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Deltas, freshwater discharge, and waves along the Young Sound, NE Greenland.

Research paper by Aart A Kroon, Jakob J Abermann, Mette M Bendixen, Magnus M Lund, Charlotte C Sigsgaard, Kirstine K Skov, Birger Ulf BU Hansen

Indexed on: 25 Jan '17Published on: 25 Jan '17Published in: Ambio



Abstract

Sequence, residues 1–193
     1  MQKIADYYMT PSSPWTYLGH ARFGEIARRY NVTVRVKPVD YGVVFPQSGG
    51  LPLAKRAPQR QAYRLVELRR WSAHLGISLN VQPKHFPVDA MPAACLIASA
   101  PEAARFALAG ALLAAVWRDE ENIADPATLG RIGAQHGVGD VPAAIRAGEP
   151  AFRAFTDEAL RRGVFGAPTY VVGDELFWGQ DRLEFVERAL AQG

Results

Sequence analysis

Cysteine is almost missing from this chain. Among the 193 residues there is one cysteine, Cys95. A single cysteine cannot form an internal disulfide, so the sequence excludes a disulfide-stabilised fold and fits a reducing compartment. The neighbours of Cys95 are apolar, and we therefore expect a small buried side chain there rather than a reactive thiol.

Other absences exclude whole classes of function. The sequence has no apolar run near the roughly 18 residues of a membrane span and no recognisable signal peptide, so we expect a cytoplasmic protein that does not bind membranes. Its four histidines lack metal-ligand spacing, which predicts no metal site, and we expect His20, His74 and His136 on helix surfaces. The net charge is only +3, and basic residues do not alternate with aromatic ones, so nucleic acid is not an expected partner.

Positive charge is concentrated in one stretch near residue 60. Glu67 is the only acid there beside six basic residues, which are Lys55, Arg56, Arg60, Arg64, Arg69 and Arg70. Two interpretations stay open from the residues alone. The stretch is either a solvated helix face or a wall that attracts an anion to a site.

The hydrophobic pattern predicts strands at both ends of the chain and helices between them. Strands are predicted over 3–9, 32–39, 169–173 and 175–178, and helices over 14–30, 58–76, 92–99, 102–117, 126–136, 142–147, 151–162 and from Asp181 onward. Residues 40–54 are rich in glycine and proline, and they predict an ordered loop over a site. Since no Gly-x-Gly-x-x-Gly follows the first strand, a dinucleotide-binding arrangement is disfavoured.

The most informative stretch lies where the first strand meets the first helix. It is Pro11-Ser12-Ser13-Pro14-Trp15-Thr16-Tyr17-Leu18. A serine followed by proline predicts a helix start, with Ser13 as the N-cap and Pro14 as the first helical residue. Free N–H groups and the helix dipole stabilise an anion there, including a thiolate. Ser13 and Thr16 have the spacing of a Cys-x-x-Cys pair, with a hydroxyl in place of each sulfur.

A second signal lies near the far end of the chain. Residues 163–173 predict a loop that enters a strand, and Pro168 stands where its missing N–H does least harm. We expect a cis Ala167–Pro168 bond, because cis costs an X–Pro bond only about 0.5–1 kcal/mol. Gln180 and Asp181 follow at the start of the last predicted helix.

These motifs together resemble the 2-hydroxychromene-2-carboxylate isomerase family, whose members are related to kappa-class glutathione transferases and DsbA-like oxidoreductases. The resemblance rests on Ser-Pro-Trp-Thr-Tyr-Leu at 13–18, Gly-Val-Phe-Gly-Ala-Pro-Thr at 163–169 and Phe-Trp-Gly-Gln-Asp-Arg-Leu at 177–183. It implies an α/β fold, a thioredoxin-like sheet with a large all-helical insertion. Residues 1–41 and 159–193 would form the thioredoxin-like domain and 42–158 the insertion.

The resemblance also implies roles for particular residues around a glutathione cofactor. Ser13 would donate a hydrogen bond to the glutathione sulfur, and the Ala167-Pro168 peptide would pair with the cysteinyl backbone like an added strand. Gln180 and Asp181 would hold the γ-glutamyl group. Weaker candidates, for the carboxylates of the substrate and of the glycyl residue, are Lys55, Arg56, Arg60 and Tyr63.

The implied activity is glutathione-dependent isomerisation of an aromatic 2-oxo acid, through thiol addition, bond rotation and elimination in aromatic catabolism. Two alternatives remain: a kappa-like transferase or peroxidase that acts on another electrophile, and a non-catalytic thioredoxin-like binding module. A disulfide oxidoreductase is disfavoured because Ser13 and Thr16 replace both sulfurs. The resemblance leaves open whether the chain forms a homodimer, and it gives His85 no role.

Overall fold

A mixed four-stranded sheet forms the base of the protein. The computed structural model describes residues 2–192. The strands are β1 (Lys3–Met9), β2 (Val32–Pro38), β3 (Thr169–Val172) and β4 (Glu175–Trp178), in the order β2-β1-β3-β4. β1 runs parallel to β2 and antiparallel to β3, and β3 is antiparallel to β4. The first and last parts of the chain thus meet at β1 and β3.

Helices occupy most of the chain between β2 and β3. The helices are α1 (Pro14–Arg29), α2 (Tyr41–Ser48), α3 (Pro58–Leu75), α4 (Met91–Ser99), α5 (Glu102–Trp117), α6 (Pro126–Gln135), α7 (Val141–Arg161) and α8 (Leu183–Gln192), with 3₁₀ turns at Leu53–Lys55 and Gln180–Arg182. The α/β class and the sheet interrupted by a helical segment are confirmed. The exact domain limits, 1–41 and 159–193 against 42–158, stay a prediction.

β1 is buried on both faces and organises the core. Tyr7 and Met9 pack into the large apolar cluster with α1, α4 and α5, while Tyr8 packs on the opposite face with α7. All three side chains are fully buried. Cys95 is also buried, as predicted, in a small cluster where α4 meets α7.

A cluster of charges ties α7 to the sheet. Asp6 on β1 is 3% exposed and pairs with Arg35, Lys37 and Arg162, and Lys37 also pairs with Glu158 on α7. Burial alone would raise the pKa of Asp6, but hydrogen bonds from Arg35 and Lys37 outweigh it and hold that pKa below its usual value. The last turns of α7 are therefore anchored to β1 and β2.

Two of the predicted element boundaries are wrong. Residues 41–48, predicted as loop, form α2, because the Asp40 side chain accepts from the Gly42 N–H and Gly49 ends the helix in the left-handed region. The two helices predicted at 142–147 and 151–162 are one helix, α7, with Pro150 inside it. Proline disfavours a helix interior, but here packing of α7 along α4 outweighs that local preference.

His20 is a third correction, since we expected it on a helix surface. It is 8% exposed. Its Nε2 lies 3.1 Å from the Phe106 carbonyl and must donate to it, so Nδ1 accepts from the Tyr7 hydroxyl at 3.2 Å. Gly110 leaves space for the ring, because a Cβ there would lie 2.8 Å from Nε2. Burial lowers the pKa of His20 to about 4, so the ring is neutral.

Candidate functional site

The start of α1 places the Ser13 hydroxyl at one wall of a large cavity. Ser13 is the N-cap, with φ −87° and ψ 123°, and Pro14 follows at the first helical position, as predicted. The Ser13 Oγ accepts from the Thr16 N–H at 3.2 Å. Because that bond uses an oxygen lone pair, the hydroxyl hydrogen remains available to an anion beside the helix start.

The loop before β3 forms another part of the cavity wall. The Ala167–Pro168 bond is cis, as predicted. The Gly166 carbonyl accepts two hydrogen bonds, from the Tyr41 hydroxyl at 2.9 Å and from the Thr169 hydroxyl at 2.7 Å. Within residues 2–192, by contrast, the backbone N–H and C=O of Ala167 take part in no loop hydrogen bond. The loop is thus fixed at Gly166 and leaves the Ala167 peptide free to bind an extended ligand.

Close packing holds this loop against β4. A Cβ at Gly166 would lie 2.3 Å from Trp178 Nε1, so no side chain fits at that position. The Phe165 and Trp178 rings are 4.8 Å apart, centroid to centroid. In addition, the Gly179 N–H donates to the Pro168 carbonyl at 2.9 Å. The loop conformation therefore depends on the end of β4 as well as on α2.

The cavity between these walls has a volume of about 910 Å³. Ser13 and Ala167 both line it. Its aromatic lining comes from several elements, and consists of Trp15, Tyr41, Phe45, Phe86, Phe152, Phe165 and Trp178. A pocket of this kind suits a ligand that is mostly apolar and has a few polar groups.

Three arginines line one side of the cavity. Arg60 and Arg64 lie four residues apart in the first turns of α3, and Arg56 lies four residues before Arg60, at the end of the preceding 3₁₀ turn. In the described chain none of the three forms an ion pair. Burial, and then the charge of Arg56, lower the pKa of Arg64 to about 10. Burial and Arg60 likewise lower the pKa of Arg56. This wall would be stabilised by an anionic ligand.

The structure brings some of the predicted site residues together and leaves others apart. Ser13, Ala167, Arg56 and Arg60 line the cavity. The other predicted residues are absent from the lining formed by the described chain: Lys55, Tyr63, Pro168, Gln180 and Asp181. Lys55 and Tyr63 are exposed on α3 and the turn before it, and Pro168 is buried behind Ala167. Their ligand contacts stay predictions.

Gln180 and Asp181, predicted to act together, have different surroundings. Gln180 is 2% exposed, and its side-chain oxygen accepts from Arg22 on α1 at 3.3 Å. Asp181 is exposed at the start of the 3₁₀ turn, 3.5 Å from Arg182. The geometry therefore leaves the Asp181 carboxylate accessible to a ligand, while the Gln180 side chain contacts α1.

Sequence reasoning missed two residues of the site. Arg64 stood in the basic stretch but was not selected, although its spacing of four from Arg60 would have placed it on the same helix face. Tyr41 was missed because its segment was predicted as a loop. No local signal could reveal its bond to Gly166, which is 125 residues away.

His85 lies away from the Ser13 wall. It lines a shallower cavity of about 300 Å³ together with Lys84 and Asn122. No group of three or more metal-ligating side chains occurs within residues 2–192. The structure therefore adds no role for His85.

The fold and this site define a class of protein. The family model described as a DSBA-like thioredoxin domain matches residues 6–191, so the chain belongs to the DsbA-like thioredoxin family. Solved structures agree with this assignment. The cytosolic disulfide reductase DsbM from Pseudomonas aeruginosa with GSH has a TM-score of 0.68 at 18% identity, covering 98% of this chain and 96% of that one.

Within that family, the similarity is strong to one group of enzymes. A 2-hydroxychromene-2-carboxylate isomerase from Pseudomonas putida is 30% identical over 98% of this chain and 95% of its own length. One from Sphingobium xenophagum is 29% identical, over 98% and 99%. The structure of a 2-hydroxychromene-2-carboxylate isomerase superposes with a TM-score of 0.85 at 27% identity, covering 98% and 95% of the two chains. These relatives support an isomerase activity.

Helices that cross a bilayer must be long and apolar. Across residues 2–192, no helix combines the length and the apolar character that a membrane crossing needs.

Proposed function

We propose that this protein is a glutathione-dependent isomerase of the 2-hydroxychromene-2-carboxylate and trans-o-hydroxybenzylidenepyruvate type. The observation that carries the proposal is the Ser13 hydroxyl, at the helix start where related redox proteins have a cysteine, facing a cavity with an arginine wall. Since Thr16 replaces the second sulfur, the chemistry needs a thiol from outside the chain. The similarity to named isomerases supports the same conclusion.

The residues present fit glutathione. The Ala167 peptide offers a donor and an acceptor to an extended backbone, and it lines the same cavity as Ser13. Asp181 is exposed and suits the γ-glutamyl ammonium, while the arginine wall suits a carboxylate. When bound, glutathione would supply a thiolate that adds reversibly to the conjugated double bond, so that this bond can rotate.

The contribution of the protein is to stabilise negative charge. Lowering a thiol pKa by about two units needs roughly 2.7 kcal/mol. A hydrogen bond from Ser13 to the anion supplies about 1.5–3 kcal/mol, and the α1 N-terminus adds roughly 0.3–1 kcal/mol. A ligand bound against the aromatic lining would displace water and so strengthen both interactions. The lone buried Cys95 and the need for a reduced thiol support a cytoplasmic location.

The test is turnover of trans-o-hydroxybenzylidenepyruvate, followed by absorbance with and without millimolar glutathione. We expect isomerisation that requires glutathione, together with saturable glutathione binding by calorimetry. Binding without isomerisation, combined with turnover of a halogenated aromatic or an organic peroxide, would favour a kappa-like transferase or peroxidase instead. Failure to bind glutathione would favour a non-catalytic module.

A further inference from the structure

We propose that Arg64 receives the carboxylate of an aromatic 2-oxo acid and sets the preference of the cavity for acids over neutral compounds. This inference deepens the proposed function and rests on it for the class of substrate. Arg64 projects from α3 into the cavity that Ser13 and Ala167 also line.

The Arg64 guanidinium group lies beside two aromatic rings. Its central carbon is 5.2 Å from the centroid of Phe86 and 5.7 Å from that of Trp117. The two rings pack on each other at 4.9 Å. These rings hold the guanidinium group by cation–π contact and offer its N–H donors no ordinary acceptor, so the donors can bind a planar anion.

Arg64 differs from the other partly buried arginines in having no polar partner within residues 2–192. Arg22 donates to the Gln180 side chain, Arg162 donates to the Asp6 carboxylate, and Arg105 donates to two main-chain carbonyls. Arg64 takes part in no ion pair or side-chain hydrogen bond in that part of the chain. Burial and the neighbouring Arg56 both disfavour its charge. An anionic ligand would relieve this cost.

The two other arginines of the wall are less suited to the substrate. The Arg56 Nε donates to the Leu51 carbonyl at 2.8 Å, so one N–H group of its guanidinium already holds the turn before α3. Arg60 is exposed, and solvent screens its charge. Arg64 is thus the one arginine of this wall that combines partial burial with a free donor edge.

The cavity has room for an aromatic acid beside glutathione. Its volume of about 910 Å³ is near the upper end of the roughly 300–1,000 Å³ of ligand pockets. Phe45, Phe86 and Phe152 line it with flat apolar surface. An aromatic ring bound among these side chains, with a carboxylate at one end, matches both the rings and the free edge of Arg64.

A wide range of delta morphologies occurs along the fringes of the Young Sound in Northeast Greenland due to spatial heterogeneity of delta regimes. In general, the delta regime is related to catchment and basin characteristics (geology, topography, drainage pattern, sediment availability, and bathymetry), fluvial discharges and associated sediment load, and processes by waves and currents. Main factors steering the Arctic fluvial discharges into the Young Sound are the snow and ice melt and precipitation in the catchment, and extreme events like glacier lake outburst floods (GLOFs). Waves are subordinate and only rework fringes of the delta plain forming sandy bars if the exposure and fetch are optimal. Spatial gradients and variability in driving forces (snow and precipitation) and catchment characteristics (amount of glacier coverage, sediment characteristics) as well as the strong and local influence of GLOFs in a specific catchment impede a simple upscaling of sediment fluxes from individual catchments toward a total sediment flux into the Young Sound.